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The Glover Family Name

Ever wondered about the origin of your family name? Mine is "Glover". Presumably, one of my ancestors was a maker of gloves, perhaps a member of the London City Guild of the same name.

The picture at the top of this page is the coat of arms for The Worshipful Company of Glovers, a London City Guild established in a Charter in 1639 and dedicated to the pursuit of excellence in the noble art of glovemaking. The Company used to have a hall in Beech Lane, Cripplegate, London but this was sold long ago and the Company's influence declined towards the end of the 1800s. It is now more active, for example in encouraging good workmanship by presenting awards. From the coronation of Queen Victoria, it has been the custom for the Company to present the queen with coronation gloves.

Nowadays perhaps, few Glovers make gloves but some are musical and play the piano, trumpet, saxophone or Javanese Anklang - Others play trombones


Trombone players are, in a sense the most fortunate amongst instrumentalists. Their instrument is needed in a wider variety of ensembles than almost any other except perhaps for drums. It is found in symphony orchestras, brass bands, dance bands, jazz bands, Mexican Mariachi bands, Columbian salsa bands and concert bands. Trumpets are almost as ubiquitous, but are replaced by cornets in English brass bands - more's the pity some say. Nowadays, the most common form of trombone is the tenor in B-flat - about 126 inches long, 2/3 of it straight and sliding and 1/3 conical. If it were all straight like a clarinet, it would overblow in 12ths and sound like a weedy hose pipe, but the conical flared bit ensures it overblows in octaves with a proper sonority. The addition of an extra 63 inches switched in by a valve turns the thing into a bass trombone in F also in common use today. For some strange reason though, it was the custom for French composers, until recent times, to employ 3 equal (B-flat) trombones for the alto, tenor and bass parts in classical music. It was therefore common for adventurous French composers like (eg) Berlioz to write lots of fundamental notes in their scores (these are below the instrument's normal bottom compass) in order to get a proper bass sound. In Monteverdi's time (the 1600s) however, a full set of four instruments (Soprano, Alto, Tenor and Bass) were common - he used them in Orpheo and other pieces. The shortness of the soprano trombone (same pitch as a modern trumpet) makes it difficult to play in tune and it has disappeared. But, the alto in E-flat has made a bit of a comeback and sounds great in pre-1900 classical pieces such as Brahms' and Beethoven's symphonies, and sundry operas and masses which were written for it.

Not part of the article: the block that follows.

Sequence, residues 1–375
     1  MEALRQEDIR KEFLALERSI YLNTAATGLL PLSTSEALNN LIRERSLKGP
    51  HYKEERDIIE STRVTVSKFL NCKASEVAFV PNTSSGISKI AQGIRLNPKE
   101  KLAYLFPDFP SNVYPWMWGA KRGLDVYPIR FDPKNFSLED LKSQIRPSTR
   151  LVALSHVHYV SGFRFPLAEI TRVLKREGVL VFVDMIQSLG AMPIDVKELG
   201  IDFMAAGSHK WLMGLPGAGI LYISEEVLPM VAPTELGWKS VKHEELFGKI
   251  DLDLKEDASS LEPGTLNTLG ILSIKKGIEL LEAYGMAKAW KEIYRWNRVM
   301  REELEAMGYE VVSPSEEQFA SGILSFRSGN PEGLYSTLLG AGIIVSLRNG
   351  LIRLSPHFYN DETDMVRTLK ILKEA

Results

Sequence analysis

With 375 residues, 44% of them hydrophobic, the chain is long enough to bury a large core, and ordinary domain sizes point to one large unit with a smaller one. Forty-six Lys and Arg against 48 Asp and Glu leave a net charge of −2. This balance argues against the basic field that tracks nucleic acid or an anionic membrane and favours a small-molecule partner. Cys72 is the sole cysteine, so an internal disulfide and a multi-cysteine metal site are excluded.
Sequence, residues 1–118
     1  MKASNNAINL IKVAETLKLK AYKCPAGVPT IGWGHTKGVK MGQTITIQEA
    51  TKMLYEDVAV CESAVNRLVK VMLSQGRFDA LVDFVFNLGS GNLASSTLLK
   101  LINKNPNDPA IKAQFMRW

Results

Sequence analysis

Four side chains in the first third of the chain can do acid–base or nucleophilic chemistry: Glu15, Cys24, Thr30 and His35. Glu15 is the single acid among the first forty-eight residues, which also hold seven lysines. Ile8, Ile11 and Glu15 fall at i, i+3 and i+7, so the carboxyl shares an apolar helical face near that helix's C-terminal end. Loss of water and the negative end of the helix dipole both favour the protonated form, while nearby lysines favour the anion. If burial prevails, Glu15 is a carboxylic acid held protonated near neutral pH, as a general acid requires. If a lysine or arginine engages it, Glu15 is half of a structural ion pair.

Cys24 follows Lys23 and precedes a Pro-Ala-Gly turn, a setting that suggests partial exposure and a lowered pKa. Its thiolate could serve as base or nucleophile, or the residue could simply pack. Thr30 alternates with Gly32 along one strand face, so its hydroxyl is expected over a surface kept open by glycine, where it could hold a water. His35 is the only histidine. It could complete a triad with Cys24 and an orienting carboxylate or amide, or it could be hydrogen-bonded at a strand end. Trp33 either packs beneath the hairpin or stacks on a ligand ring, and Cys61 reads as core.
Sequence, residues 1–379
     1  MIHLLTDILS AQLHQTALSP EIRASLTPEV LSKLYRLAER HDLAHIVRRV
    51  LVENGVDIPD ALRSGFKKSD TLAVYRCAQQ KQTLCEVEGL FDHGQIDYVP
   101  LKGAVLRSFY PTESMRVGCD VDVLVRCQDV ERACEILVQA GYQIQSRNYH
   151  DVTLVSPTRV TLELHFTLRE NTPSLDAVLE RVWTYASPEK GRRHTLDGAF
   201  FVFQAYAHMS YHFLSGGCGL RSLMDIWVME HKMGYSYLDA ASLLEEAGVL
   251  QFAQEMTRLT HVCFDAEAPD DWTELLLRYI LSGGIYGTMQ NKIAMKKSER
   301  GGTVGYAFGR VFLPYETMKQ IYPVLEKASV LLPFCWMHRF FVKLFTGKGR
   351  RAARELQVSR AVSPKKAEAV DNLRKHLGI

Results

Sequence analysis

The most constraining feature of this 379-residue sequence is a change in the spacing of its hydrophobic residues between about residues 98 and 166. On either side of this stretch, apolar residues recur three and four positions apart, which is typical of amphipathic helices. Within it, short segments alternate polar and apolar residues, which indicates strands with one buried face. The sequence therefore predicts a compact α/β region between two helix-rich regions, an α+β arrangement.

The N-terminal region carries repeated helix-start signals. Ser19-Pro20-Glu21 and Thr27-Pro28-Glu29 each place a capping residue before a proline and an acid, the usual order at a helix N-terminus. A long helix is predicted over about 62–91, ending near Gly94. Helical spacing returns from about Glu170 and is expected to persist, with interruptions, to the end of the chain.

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You may be interested in the work of the Asian Student's Christian Trust (ASCT) which administers a safe children's home in the Philippines. ASCT


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